Broadband v. baseband ... again?

Roeland Meyer rmeyer at
Thu Jul 5 18:14:06 UTC 2001

The thing is, cable systems ARE broadband. Some DSL methods use broadband
transits, especially on the last mile. Anything transiting HFC is using
broadband as a part of the link. FrameRelay has many of the same constrants
as HFC cable, but is definitely a baseband technology.

The reason that HFC has such horrible aggregation congestion effects is that
the head-ends are over-commited. Fewer clients per head-end would eliminate
the bottle necks, as would a larger return band, or application of
spread-spectrum technologies on the HFC medium. (At PacBell/ACN, this was
the subject of much debate, business economics won out. We had cost targets
to hit, at ~400 homes passed per HFC head-end.) The same is true for many FR
clouds. I'm looking into 802.11b regional wireless systems right now and am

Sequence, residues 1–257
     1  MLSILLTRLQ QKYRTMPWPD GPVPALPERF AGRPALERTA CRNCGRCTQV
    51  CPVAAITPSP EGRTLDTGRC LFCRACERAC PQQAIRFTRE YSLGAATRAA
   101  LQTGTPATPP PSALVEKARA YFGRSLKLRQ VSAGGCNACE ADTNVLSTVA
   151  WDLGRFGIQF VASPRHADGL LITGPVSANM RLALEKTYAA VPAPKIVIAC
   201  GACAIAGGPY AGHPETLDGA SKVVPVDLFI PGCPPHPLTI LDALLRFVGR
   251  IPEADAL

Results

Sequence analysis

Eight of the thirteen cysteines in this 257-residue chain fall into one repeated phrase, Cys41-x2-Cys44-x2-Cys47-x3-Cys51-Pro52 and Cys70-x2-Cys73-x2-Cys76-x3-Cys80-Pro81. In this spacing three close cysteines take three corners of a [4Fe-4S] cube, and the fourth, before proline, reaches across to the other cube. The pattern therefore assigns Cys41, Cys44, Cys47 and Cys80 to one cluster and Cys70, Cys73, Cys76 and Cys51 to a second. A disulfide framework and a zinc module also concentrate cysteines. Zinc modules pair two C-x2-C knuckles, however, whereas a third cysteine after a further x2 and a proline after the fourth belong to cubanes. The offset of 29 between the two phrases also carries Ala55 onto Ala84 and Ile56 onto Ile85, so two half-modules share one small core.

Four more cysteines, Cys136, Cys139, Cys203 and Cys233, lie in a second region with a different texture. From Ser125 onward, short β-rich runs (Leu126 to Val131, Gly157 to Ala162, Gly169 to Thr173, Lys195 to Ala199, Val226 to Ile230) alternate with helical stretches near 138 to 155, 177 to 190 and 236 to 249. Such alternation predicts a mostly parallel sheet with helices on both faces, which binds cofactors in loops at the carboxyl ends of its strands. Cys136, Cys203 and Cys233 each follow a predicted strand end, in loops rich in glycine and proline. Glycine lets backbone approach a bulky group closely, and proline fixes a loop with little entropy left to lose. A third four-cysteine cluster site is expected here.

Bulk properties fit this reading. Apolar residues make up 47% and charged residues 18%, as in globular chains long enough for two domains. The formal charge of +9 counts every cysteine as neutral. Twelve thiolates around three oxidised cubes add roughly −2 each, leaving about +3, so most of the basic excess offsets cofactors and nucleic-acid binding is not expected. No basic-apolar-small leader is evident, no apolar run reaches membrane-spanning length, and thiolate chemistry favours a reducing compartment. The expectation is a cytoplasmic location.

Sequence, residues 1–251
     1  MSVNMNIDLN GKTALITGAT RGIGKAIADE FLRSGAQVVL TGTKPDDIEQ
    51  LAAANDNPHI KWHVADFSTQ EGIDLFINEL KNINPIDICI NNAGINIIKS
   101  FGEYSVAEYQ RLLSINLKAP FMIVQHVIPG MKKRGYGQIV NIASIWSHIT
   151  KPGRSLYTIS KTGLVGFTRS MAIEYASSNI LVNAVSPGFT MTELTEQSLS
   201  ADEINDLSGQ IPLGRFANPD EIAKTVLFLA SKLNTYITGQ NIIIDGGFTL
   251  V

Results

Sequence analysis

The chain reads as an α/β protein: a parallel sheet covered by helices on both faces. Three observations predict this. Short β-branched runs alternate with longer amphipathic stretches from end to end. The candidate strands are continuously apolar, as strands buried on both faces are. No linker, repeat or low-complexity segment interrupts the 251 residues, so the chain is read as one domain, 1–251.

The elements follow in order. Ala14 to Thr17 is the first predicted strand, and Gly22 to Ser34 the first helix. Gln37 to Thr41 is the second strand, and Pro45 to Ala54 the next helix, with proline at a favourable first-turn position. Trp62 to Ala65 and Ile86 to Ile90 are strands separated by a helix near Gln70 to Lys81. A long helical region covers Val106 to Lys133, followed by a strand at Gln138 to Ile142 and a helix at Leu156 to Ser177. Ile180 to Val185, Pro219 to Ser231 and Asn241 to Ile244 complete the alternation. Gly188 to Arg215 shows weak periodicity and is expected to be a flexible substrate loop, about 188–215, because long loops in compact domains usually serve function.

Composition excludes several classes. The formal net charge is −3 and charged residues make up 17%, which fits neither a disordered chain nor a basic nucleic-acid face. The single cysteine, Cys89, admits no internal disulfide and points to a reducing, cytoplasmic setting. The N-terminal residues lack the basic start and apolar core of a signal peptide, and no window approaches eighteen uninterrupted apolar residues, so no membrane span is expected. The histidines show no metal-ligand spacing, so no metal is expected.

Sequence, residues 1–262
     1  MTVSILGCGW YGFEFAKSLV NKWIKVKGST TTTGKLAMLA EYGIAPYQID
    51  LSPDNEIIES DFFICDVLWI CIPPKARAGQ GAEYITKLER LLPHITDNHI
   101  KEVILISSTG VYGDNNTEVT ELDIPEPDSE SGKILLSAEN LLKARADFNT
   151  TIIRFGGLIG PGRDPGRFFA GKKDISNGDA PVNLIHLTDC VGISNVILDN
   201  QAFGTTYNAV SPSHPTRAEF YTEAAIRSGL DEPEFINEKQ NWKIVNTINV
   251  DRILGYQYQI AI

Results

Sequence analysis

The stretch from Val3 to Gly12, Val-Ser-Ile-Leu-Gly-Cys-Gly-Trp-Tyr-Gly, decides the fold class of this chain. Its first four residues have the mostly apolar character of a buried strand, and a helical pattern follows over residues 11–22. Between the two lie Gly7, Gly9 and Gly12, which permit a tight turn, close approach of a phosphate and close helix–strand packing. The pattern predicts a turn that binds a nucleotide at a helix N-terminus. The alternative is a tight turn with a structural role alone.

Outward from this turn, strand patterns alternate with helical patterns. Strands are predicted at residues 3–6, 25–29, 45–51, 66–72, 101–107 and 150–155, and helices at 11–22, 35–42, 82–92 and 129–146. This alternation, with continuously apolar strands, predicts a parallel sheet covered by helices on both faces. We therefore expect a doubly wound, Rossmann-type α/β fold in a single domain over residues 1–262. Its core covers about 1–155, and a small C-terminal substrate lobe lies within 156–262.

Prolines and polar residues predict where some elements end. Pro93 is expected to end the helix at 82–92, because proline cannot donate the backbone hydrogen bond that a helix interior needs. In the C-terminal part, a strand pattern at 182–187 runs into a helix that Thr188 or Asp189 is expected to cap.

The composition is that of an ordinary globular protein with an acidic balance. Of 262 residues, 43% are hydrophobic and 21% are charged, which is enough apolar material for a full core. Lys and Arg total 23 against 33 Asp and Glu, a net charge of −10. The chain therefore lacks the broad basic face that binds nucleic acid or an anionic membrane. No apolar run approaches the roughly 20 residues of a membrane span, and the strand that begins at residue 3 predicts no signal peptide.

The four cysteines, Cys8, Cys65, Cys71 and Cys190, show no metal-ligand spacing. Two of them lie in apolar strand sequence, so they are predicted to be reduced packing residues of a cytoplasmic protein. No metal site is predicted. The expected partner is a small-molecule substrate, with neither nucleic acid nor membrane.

seeing the same things. 

BTW, for the audience, 802.11b is definitely broadband, as is any other
wireless technology. The real kicker is how many of those companies will be
around one year from now?

ALSO, some advocates of broadband don't realize that GigE is baseband at
1Gbps. Getting it on broadband would require a 4GHz carrier and would pretty
much saturate the spectrum. Now I'm getting really far from my BSEE days and
let the RF guys take it over (if we have any here). At PacBell/ACN, we had a
10MHz return band, on a 750Mhz HFC system. Of course, I couldn't understand
why we couldn't allocate an entire digital video band for the purpose
<grin>. But, the only routing was at the super head-end. The head-ends were
never considered to have return data, in the original design.

> From: Miles Fidelman [mailto:mfidelman at]
> Sent: Thursday, July 05, 2001 10:24 AM
> On Thu, 5 Jul 2001, Roeland Meyer wrote:
> > Broadband isn't a speed, it's a signaling architecture. The 
> alternative is
> > baseband. Ethernet is baseband. Broadcast radio is 
> broadband. Now that you
> > have the two competing terms, please see your friendly 
> neighborhood search
> > engine (PSYFNSE).
> Though, to be fair, a lot of people have coopted the term 
> "broadband." You
> and I know that broadband is defined in the 802 series of 
> specs as a way
> to run ethernet over an analog cable system. But... the cable 
> companies
> would have you believe that it means "the fastest thing going" and the
> telcos would have you believe that DSL is "broadband."
> Miles
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